Burn care

The economics of burn care

By: Mölnlycke Health Care, August 23 2013Posted in: Burn care

By: Paul Trueman


Hospital Episode Statistics for England and Wales demonstrate the scale of burn injuries and associated costs, with the paediatric and elderly population being the most at risk. In the year 2009/2010 there were:

  • Over 11,000 admissions
  • Accounting for over 47,000 bed days
  • Involving over 3400 critical care admissions

Health and economic impacts of burn care can be divided into direct (healthcare) costs, indirect (non-healthcare) costs and intangible costs (Table 1; Figure 1).

Table 1. Costs associated with burn care.

Direct costs

Reconstruction: specialist care, surgery (ICU, burns unit)

Rehabilitation: Multi-disciplinary inpatient or outpatient care

Reintegration: outpatient and community care

Indirect costs

Productivity losses

Patient and carer costs

Intangible costs

Pain, suffering, quality of life

Figure 1. Distribution of costs in burn care (From Sanchez et al, 2008).

Approaches to burn care

Clinical and economic evidence is required to identify the most efficient approaches to burn care and in this respect economic stakeholders need to recognise the challenges that are inherent in conducting research in this indication. Burn care is not immune from the economic realities facing health services and when addressing the costs associated with treatment options the difficulties inherent in conducting randomised controlled trials (RCTs) in burns patients needs to be appreciated.

Regrettably there is limited evidence on the cost effectiveness of individual dressings/treatments, although early evidence suggests that dressing costs make up a very small fraction of the total cost of care. In assessing overall costs rationale for dressing selection should consider impacts on other total costs, such as reducing pain on dressing change, which may facilitate out-patient management and/or return to work which reduce the financial burden to the hospital system and the patient/economy respectively.  With respect to the latter, societal costs of burns typically exceed the healthcare costs in the form of:

  • Productivity losses
  • Caregiver time
  • Home care costs
  • Permanent disability in severe cases

Quality of life (QOL) considerations are also important with burn care making an impact on the commonly reported domains of quality of life, either in the acute phase or during rehabilitation (Figure 2). However, there is a lack of robust quantifiable evidence on the impact of burns on QOL, with the available evidence tending to use disease-specific scales such as the Burn Specific Health Scale.

[Insert graph]

Figure 2. Burns and QOL.

Cost-effective burn care
In defining cost effective burn care it should be emphasised that cost-effective care does not necessarily equate to the least costly care. The true aim is to achieve the best possible outcomes for any given expenditure which can be influenced by:

  • Burn severity
  • Diagnosis – accuracy and speed
  • Intervention, and Treatment pathways.
Regarding burn severity our interests lie primarily in the costs and outcomes of treating non-complex burns.

Cost drivers
Looking at both complex and non-complex burns, cost is positively associated with the severity of the burn in question. Griffiths et al (2006) report the mean cost of treating an uncomplicated paediatric minor scald in a UK burns centre to be £1850, whereas costs soar for complex burns as shown by Pellat et al (2010) who reported the mean cost of treating a paediatric burn covering 30-40% of total body surface area (TBSA) to be £63,157. In this respect Klein et al (2008) reported that for each additional TBSA % that was grafted with autologous skin grafts, hospital costs increased by US$2,639.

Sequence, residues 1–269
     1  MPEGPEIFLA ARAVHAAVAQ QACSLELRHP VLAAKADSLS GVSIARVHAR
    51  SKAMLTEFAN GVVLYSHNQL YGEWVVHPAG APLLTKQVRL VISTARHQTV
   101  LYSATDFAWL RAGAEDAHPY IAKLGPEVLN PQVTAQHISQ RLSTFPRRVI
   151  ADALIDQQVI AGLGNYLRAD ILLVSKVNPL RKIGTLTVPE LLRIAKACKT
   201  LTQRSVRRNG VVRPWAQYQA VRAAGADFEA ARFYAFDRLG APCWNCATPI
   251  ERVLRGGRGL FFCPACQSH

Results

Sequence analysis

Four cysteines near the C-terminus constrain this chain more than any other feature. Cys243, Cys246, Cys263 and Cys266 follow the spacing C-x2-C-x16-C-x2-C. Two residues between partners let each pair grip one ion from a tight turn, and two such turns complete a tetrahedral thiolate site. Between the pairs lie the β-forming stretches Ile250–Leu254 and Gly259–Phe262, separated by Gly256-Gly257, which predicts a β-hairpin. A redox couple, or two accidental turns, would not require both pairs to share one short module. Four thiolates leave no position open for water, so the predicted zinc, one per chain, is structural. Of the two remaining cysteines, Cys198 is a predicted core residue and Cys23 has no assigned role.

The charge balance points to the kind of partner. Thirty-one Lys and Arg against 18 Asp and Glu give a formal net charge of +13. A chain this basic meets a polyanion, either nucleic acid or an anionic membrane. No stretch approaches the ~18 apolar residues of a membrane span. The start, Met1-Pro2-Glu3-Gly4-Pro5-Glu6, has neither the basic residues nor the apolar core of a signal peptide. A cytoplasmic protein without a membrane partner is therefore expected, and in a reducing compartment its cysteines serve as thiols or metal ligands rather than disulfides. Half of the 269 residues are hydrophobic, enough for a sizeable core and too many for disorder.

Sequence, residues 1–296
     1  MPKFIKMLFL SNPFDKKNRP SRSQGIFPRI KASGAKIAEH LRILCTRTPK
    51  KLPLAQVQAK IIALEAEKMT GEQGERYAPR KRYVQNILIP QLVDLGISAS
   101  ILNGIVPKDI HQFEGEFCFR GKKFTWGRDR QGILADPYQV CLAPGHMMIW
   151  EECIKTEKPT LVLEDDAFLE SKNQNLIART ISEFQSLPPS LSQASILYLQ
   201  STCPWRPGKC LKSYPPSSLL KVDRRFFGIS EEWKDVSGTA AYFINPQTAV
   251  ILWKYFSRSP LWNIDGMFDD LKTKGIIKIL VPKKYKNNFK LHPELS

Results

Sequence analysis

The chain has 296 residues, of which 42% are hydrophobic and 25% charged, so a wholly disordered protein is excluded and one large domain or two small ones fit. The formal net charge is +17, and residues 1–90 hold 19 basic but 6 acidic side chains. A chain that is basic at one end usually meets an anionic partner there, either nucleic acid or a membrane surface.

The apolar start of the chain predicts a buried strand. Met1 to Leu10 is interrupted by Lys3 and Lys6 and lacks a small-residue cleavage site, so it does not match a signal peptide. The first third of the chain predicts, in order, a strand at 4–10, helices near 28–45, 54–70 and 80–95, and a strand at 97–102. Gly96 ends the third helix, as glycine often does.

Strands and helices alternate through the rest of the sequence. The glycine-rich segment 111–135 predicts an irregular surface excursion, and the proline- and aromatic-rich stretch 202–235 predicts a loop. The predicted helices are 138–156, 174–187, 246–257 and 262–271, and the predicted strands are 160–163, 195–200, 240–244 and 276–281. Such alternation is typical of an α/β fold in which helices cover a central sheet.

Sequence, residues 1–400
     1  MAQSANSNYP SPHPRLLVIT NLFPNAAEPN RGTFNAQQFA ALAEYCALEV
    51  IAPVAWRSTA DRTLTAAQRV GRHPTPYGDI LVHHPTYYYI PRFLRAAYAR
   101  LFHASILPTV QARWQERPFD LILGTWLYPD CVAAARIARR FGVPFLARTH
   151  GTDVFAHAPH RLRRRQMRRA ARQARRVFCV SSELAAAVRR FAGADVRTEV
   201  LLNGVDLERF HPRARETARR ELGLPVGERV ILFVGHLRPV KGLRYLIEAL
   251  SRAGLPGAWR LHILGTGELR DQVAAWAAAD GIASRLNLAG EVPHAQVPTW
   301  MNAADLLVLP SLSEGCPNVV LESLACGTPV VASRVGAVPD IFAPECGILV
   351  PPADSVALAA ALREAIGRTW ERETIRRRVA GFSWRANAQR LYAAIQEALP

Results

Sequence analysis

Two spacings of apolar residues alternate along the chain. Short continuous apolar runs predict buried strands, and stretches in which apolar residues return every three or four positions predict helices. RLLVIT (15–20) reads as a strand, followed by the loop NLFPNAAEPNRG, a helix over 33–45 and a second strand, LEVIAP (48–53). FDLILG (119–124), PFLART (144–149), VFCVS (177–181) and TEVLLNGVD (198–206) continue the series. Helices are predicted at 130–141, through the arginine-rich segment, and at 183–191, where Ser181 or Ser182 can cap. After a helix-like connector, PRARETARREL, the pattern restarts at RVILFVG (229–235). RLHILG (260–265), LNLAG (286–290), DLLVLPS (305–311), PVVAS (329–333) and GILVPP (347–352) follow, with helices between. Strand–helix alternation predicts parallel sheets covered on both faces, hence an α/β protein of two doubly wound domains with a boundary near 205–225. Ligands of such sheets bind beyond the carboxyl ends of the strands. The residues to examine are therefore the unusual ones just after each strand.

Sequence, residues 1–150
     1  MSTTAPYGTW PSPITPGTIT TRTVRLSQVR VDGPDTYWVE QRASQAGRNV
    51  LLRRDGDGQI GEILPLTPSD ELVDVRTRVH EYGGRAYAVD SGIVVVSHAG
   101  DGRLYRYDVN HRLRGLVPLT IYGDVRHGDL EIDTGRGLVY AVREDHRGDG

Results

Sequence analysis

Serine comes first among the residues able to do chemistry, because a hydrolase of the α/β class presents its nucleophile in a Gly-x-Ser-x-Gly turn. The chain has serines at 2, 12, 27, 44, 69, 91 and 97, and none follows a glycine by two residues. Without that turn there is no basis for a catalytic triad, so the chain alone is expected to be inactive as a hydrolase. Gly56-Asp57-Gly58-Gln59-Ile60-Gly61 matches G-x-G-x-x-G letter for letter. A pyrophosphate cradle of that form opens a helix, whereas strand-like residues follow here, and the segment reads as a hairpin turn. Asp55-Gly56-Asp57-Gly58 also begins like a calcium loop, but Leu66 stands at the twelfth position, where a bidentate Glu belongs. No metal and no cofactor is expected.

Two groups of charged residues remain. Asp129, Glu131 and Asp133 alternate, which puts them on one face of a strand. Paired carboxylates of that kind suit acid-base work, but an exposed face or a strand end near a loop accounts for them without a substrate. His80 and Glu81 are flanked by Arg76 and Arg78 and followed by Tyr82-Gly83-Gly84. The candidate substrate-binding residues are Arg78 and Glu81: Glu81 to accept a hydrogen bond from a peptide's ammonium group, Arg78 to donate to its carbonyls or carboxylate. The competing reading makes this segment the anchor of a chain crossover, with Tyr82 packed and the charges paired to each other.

Cost is also associated with patient age; children account for 40-50% of all severe burn injuries whereas the elderly account for between 10% and 16% of all severe burn injuries. With respect to mean levels of hospital stay, which also drives the cost of treatment and increases with burn severity, Brusselaers et al (2010) report this to be 15-16 days in the paediatric population and 18-26 days in the elderly population. Hospital episode statistics from England and Wales demonstrate the impact that burn severity has on costs in relation to average length of stay (ALOS), with length of stay and associated costs increasing with severity (Table 2)

[Insert table 2]
Table 2. Burn severity and ALOS

In a prospective, cross-sectional study in a Spanish burn centre, Sanchez et al (2008) collected information on healthcare and non-healthcare costs for 898 patient admissions categorised according to DRG code. Mean annual healthcare costs ranged from US$5,000 – US$41,000 (Figure 3).

[Insert Fig 3]

Figure 3. Healthcare and non-healthcare costs relating to burn care (From Sanchez et al, 2008).

Burns have far reaching health and economic impact. However, the commoner non-complex burns are relatively inexpensive. High cost severe burns are relatively rare, but when looking at individuals with severe burns the high associated expense leads to a general perception that burn care is expensive to treat across the board. Non-healthcare costs are associated with a high proportion of the cost relating to burn patients

Brusselaers et al. Critical Care 2010, 14:R188. http://ccforum.com/content/14/5/R188
Griffiths et al. Burns journal of the International Society for Burn Injuries (2006) Volume: 32, Issue: 3, Pages: 372-374
Klein et al. (2008)
Pellat et al. Burns journal of the International Society for Burn Injuries (2010) Volume: 36, Issue: 8, Pages: 1208-1214
Sanchez et al. Burns Volume 34, Issue 7, November 2008, Pages 975-981

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